Senate Hearing Held on Cannabis Penalties; No Vote Taken
The bill is sponsored by State Senator Harold Jones (D-Augusta) a former prosecuting attorney.
Sen. Jones’s bill would eliminate felony charges for possession of cannabis (“marijuana”) for personal use, regardless of the amount.
Sen. Jones believes that Georgia should allow experts like law enforcement officers and prosecuting attorneys to decide if the amount of marijuana an individual possesses is for personal use or for selling.
Selling would still carry a felony charge, and anything over ten pounds of cannabis would still be considered trafficking.
Historically, a felony conviction was for serious crimes, not low-level offenses like cannabis possession.
Under current Georgia law, a person with over one ounce of cannabis is charged with a felony and faces jail time and many barriers to future educational opportunities and employment.
A felony charge prevents a person from serving on a jury or a grand jury; and causes expulsion from public and private schools, ineligibility for the HOPE scholarship, a lifetime ban from receiving TANF (Temporary Aid to Needy Families), and loss of voting eligibility and professional license revocation or denial.
“SB 245 is consistent with criminal justice reform efforts that saves taxpayers dollars and saves prison beds for serious crimes,” Marissa Dodson, Southern Regional Advocate, Campaign for Smart Justice, American Civil Liberties Union, testified.
Sharon Ravert, Executive Director of Peachtree NORML (National Organization for the Reform of Marijuana Laws) testified about a personal experience ten years ago that changed her life. Ravert is a conservative and a registered Republican.
“My teenage daughter was pulled out of bed at 4 am by a drug task force with guns drawn and carried her away in handcuffs for one marijuana joint on her night stand,” Ravert told the committee.
She was charged with two felonies and a misdemeanor and they wanted to put her in prison for 26 years. Only one seed is considered a felony because it can be planted, grown, and distributed.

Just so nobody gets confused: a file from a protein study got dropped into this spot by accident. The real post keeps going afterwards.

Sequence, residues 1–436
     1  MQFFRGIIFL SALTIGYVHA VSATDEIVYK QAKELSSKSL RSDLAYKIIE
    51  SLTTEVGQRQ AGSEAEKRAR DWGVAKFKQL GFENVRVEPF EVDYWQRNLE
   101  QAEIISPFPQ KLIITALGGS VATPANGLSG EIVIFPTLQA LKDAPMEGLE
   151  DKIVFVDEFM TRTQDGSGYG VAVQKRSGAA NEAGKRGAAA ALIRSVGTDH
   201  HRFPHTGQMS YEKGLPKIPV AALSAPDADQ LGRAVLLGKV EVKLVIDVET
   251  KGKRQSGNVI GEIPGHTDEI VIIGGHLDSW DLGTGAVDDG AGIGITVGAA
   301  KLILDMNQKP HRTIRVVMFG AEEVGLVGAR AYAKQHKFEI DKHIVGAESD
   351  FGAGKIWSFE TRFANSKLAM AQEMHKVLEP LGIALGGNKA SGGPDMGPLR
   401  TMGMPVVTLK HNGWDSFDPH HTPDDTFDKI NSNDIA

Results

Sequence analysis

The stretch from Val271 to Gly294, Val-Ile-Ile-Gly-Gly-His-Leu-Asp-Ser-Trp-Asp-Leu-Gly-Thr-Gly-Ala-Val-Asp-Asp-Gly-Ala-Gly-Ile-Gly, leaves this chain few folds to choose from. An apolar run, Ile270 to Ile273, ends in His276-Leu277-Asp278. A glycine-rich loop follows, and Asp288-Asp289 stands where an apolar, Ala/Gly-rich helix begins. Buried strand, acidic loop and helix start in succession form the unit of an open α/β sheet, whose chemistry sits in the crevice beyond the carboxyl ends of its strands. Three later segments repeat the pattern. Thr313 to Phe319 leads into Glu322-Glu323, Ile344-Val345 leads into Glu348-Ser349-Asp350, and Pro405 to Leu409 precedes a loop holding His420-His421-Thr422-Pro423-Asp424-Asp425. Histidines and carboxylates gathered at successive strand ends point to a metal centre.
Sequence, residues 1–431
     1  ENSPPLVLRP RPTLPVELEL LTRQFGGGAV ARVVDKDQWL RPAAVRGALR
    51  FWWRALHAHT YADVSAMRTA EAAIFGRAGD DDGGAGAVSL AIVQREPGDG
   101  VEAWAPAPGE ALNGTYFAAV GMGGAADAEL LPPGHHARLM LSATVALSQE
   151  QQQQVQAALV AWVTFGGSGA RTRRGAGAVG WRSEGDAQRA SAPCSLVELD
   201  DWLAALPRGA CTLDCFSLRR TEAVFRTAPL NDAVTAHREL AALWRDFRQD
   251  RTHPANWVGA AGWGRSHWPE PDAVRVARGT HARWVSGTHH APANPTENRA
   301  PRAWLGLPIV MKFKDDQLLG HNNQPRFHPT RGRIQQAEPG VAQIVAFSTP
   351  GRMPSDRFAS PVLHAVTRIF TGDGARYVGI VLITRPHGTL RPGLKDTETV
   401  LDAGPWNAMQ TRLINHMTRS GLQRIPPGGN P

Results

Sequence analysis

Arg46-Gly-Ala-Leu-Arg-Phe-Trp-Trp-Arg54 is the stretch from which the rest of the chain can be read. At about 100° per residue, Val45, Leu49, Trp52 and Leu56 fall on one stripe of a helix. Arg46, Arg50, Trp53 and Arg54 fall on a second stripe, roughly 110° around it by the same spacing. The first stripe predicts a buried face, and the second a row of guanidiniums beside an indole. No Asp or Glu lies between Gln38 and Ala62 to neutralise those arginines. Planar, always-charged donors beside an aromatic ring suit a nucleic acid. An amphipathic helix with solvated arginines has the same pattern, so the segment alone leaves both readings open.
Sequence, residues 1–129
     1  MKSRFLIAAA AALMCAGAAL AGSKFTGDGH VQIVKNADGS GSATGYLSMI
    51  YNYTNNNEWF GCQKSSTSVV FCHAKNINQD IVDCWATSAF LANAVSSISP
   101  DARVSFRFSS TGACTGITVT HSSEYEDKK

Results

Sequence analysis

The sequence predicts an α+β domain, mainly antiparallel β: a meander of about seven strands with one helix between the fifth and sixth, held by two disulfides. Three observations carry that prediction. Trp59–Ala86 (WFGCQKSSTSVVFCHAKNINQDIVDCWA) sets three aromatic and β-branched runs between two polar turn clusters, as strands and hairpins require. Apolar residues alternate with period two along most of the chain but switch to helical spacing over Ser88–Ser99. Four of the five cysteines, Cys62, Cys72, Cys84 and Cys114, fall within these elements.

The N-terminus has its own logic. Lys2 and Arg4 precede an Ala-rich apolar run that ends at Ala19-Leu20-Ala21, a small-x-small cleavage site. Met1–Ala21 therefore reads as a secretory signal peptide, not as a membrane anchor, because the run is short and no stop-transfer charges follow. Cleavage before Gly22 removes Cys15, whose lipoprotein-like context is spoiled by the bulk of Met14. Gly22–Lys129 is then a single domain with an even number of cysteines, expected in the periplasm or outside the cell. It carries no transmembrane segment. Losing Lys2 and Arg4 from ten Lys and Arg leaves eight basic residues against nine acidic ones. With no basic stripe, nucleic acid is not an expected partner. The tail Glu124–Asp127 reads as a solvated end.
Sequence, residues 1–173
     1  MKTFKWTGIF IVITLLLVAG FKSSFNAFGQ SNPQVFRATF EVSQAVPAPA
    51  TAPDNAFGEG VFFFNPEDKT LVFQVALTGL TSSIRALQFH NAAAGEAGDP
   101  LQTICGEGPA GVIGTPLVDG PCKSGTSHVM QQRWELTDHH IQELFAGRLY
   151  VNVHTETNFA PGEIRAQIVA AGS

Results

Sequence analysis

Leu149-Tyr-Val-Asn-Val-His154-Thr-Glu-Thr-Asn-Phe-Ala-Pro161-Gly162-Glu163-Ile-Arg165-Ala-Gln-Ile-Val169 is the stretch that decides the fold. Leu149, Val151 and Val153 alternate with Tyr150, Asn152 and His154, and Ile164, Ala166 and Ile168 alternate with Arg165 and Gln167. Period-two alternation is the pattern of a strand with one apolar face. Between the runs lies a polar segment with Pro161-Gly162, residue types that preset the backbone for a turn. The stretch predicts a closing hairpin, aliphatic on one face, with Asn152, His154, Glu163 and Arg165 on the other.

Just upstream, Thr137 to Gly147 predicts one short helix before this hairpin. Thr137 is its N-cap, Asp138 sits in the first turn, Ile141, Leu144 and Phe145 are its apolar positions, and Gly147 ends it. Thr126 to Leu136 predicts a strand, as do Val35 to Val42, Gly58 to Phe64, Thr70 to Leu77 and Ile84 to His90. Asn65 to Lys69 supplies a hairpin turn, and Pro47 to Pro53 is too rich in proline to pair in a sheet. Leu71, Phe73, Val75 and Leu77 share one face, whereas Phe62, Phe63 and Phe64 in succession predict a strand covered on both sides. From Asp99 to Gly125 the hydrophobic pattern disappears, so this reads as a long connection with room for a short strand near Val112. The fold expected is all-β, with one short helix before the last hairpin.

It took years and large amounts of money to clear her daughter, who is now a college graduate.
“One in three kids will be arrested for a nonviolent drug offense before they turn 23 and most will be for marijuana possession. We must stop the flow of our children to prison and SB 254 is a good start,” Ravert said.
Roland Carlisle testified about his delayed college plans as he was detoured into prison for minor cannabis possession.
“I went from an honor roll student to being a felon. It took me six years after being released from prison to finish college,” Carlisle said.
Because of Ban the Box, he is now employed as a Senior Accountant Analyst at Deloitte.
James Bell, Director of Georgia CARE (Campaign for Access, Reform and Education), cited 30,000 marijuana arrests in Georgia each year, for over one ounce.
“We estimate between a half million to one million citizens in Georgia consume cannabis regularly. Marijuana arrests are grossly disproportional based on race,” Bell said.
Marijuana usage is the same among Blacks and Whites, yet Blacks are 3.73 times more likely to be arrested, the ACLU reports. In Georgia, Black are four to ten times more like to be arrested for pot.
“SB 254 is not legalization or even decriminalization. It is a harm reduction that will serve the ends of justice without destroying the lives and futures of so many Georgians,” Bell said.
Meanwhile, HB 1046, sponsored by State Rep. LaDawn Jones (D-Atlanta) would remove the possibility of arrest for possession of one ounce or less of cannabis, and would replace arrest with citations and fines.
Half of Georgia voters support legalization of cannabis, and 62 percent support decriminalization, according to a poll conducted by Public Policy Polling.
Neither bill received a vote prior to Crossover Day, on yesterday, Monday, February 29, 2016; and, therefore, neither will be able to pass out of the General Assembly this year.